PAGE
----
While some of the activities are similar to those in a post from last year, this beginning-of-the-summer blog post aims to help parents gain a greater understanding of digital footprints for themselves — and then share this increased knowledge in conversations with their children. The longer-term goal, of course, is to ensure that each child returns to school in the fall with more knowledge about the family’s digital profile, their own digital footprints, and privacy.
Below are some suggestions to help parents get started learning.
Google yourself. See what digital footprints others see when they Google your name or your email address. Then go to the Dashboard, while you are logged in, and see how Google keeps track of your activities. Dashboard notes everything a person does on Google — from email to images to alerts to searches and much more. Once you finish up learning about your own digital trail, organize a family digital footprint party and help every member of the family go through the same steps.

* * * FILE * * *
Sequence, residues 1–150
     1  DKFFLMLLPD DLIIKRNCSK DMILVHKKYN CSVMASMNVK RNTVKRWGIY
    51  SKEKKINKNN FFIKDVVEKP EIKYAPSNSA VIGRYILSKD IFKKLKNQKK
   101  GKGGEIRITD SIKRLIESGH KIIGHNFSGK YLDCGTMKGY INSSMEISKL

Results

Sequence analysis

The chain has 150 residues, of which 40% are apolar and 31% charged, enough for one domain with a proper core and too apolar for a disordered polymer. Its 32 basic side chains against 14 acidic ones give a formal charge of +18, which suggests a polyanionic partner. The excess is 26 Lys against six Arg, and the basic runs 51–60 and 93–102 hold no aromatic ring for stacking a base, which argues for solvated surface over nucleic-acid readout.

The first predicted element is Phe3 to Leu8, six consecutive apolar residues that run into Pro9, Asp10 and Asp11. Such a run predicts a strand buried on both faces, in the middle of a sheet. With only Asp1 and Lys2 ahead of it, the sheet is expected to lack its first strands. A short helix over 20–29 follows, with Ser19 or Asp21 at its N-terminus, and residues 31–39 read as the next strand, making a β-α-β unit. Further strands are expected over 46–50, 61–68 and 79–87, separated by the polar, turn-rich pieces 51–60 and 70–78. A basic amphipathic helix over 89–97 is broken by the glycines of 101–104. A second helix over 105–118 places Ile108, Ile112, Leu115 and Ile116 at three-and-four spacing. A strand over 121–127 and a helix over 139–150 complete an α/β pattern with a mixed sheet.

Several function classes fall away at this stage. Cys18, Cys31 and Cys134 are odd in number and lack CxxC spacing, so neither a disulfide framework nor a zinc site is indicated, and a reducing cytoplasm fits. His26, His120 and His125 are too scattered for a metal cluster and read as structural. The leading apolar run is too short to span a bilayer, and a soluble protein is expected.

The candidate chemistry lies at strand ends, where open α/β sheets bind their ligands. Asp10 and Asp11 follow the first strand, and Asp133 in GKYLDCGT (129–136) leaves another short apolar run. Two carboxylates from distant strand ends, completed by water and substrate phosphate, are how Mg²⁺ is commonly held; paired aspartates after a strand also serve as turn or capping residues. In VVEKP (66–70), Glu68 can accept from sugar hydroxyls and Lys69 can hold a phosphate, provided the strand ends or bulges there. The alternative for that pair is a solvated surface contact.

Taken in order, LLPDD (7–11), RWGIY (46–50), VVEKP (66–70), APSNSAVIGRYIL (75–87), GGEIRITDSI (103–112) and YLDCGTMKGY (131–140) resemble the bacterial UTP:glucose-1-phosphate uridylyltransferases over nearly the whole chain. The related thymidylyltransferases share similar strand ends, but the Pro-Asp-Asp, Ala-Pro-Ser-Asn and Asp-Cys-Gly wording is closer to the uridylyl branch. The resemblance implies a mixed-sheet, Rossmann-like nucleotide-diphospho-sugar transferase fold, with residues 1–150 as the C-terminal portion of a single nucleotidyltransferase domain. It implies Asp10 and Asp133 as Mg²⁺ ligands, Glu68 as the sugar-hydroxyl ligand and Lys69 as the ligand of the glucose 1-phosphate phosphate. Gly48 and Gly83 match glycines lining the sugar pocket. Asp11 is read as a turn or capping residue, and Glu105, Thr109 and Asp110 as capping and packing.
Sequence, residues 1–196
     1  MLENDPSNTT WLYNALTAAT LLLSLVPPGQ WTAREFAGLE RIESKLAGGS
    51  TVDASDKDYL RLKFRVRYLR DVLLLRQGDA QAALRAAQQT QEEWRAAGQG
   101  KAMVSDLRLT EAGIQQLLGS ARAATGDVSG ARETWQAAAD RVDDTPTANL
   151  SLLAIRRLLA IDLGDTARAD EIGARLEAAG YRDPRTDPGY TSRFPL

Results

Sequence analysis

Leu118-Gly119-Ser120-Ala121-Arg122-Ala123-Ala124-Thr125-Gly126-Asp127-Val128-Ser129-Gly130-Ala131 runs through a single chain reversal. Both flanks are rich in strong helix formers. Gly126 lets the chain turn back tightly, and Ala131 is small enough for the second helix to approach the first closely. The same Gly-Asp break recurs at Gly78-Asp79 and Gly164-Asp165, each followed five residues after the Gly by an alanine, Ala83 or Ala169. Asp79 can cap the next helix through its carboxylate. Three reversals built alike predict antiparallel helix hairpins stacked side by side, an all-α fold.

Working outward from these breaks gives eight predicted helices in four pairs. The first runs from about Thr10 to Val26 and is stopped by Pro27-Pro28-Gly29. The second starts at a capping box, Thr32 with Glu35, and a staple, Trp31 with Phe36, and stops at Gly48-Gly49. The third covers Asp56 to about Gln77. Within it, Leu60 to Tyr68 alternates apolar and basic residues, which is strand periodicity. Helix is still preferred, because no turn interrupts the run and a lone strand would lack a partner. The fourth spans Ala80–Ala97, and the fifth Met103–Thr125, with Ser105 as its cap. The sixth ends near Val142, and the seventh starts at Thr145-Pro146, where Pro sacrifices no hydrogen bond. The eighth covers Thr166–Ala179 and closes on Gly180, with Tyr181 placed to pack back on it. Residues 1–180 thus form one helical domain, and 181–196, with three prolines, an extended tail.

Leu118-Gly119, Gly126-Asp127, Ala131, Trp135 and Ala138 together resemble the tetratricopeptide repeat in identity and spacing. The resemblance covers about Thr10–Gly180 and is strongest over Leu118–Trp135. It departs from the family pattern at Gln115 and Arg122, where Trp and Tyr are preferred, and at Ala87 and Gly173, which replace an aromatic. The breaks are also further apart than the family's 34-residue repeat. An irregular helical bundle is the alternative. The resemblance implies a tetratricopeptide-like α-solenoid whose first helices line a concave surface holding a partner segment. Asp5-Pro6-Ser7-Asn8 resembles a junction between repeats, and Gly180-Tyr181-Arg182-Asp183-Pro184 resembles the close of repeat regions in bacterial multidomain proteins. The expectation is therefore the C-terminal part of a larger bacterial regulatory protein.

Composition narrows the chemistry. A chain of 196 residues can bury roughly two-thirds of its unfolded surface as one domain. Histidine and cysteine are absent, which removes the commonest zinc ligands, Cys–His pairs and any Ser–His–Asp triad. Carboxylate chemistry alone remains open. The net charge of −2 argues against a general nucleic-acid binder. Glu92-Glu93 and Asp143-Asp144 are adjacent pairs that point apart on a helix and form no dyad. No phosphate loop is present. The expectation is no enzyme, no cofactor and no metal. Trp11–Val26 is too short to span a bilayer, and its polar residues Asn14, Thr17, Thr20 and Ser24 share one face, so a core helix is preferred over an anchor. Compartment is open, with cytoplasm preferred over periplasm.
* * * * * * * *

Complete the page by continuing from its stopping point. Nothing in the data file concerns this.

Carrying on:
If you use Google, take a few minutes to check out the Google Dashboard and look over a detailed digital footprint snapshot of your Google activities. Learning about digital footprints is an important 21st Century connected-world skill.
The Dashboard keeps track of everything — and I mean everything — that you do on Google. It’s a dynamic digital footprint collection. To sign in and examine your Gmail or Google Alerts is easy, and you can also check out the other features offered by Google such as Google Docs, Google Calendar, Blogger, or Google Reader (many more Google products are available and new ones become available on a regular basis).
Google Dashboard is an awesome connected-world teaching tool for 21st Century children at any age and for adults, because it makes a point — concretely — about the amount of information that Google accumulates on each of us. Many people are surprised, and a bit disconcerted, on a first visit, because the Dashboard depicts a good deal about each user.